When I posted the link to this over on my FB page this morning I was so surprised to get so many thoughtful and interesting responses to this (I wish I could transfer them over here!). Many comments did go along with supporting the teacher's perspective in that there is a sense that as parents we need to help guide our kids to pick up on social cues and norms, to pave the way for them. I think that as long as the child doesn't feel you are criticizing them, and their sense of i ndividuality and personal pride in who they are/want to be, then it's okay--and important--to gently nudge them in the right direction.

It's so hard--I used to love to buy L. clothes but over the years his sensory issues have made things very hard. He won't wear pants with seams, for instance, or pockets that aren't lined. He'll only wear sweat pants in the winter, and those can't have pockets. He won't wear shirts with buttons, etc...the list goes on. :(


mouse's picture mouse

For some odd reason, Scooter's sensory issues do not include clothing (for the most part). His usual outfits fit in pretty well with his peers, although if someone were keeping track, s/he might notice that nearly every t-shirt is Star Wars.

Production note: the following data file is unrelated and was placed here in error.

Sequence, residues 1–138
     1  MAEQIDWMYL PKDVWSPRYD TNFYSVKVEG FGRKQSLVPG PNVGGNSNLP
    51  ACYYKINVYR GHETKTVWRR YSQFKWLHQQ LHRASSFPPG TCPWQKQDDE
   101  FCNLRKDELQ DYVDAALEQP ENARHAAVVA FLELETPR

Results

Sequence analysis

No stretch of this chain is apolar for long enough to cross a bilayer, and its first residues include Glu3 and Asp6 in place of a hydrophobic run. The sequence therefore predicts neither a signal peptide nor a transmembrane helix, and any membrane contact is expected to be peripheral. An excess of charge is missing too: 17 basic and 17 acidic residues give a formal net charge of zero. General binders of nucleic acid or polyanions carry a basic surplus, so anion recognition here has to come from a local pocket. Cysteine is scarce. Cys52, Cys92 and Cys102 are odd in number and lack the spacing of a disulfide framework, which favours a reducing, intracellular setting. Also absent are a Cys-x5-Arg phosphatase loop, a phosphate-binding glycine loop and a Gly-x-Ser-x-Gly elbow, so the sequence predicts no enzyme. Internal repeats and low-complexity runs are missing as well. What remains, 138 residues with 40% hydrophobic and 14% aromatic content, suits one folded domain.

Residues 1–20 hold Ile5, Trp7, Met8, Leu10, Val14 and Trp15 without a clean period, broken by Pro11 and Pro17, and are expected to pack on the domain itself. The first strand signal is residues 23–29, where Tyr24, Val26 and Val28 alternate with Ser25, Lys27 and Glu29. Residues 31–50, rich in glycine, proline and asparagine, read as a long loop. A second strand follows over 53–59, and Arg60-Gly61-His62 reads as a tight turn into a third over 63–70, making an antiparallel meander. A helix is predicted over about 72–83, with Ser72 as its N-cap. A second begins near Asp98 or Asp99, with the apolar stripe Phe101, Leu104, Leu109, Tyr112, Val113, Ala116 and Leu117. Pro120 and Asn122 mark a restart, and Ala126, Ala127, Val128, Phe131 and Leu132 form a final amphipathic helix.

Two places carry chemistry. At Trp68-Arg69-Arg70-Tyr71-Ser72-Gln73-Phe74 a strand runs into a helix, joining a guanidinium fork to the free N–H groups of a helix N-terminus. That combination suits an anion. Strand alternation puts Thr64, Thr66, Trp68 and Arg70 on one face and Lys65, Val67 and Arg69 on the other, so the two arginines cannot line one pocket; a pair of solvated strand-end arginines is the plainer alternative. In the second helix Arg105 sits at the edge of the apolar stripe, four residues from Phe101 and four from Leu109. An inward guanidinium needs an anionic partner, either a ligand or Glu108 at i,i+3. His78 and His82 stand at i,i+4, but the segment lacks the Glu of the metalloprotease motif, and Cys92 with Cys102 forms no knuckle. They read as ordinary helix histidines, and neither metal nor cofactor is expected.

I have major issues with socks and tags. If there's a foreign object in my shoe or some cotton lumps together in my sock, I absolutely have to get it out.

to be continued...


mouse's picture mouse

Third random observation... Where I used to teach, I remember hearing about a boy who had been picked on mercilessly in the younger grades. Initially, he was teased for having skinny legs. Then he started wearing tube socks pulled up over his knees and was teased about that. In retelling the story, one adult said, "If only he would have stopped wearing those socks." But I felt that was an unfair assessment of the situation. He was clearly in a no-win situation since the kids were going to find something to tease him about regardless.